I have been in Nicaragua for almost 24 hours now. We are staying in what amounts to a compound somewhere in Managua. Its exact location is and will likely remain a mystery, given that I have not seen (or heard of the existence of) a detailed map of the city. But that doesn’t matter much, since we will only be in Managua until tomorrow. No volunteers serve here in the capital.
Last night I had my first plate of gallo pinto, the national dish. It is (surprise, surprise) beans and rice. After dinner, I promptly went to bed on a mattress that folded like a taco when I sat on it. I was so exhausted I hardly cared. Based on the food I have eaten here so far, I expect to be gordita after these two years. In addition to the gallo pinto, last night’s dinner included deep fried tortillas wrapped around strips of beef, cabbage slaw slathered in ketchup and something resembling mayonnaise, and to wash it all down, a glass of Coca Cola.
Our main order of business during this three-day retreat in Managua is to determine where we will be training. We will be placed in small towns in groups of three or four, based on our language ability. The levels go from Novice to Intermediate to Advanced to Superior. The diagnostic test was a thirty-minute personal language interview designed to take the speaker to the point where their communication skills broke down. I definitely got there.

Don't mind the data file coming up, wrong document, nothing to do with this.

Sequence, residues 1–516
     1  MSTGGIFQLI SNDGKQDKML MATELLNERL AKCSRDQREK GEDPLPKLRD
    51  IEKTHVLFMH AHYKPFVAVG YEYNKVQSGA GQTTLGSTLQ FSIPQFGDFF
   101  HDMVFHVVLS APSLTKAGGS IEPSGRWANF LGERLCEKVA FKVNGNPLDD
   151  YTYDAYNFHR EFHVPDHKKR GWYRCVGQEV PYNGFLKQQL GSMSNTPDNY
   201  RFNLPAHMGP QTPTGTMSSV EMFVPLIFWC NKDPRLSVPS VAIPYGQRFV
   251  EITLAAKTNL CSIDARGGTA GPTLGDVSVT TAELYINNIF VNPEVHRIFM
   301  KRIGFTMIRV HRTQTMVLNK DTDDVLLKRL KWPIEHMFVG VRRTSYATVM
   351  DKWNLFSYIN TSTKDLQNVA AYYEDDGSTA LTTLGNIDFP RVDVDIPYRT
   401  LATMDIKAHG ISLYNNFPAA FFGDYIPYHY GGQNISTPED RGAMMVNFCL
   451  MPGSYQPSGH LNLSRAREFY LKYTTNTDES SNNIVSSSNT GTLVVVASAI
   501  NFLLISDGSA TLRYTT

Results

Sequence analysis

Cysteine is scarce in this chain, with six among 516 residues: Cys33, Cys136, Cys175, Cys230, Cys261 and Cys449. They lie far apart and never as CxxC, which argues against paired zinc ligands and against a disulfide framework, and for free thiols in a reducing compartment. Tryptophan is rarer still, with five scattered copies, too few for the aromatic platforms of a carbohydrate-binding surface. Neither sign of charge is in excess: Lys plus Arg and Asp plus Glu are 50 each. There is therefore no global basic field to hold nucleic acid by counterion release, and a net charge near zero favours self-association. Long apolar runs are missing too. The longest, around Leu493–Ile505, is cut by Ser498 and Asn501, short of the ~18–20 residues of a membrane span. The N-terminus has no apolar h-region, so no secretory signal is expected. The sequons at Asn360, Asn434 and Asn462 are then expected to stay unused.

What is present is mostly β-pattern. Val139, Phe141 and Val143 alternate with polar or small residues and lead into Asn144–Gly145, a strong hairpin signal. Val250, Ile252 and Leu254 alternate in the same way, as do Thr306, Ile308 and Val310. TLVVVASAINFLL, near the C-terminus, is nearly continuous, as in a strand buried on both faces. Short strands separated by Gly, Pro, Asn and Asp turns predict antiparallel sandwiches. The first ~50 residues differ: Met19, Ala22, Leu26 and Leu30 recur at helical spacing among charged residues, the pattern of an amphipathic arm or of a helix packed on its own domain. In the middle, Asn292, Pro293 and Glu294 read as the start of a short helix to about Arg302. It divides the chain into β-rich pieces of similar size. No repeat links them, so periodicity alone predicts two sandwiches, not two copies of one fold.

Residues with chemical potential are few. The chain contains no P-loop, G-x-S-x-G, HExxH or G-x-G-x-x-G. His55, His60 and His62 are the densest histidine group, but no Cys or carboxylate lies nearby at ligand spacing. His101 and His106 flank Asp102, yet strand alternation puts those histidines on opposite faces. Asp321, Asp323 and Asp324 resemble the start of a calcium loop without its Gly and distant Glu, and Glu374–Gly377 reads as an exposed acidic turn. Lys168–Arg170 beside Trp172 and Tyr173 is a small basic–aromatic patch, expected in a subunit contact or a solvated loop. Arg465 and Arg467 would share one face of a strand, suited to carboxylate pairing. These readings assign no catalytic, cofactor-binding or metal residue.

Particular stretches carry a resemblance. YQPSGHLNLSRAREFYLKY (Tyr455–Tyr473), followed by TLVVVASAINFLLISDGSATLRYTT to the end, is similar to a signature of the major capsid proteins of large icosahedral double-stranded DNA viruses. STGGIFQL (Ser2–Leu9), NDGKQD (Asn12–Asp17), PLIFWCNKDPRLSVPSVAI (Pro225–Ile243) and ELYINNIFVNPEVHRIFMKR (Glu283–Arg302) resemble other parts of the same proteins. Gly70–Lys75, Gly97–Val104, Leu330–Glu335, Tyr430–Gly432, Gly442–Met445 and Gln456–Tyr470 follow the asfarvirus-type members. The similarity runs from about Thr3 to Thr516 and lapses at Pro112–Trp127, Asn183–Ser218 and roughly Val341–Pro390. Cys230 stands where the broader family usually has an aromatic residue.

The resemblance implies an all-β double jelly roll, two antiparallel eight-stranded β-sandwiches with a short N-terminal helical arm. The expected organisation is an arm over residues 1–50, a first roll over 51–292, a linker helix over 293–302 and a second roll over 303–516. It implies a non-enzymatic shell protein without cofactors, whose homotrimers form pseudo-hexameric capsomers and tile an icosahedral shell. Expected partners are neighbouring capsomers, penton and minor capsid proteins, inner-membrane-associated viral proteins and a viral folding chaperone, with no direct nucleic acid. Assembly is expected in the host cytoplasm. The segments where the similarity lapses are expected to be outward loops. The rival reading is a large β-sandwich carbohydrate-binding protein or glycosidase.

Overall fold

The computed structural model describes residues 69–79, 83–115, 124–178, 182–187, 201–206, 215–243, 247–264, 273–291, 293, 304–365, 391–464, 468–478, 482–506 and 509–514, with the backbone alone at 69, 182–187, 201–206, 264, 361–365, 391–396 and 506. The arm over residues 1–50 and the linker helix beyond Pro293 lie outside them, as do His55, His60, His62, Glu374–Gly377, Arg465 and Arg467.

I am nervous about a lot of things (one of them being that we are told to expect not to get five consecutive minutes by ourselves for the next three months), but above all I am incredibly excited. When I think about everything I’m going to learn here, I can hardly contain myself. All of the current volunteers we have met rave about their service and say that the time has passed quickly, too quickly. For now, we have internet service, but I expect that to end on Saturday, when we head out to the towns where we’ll be living during training.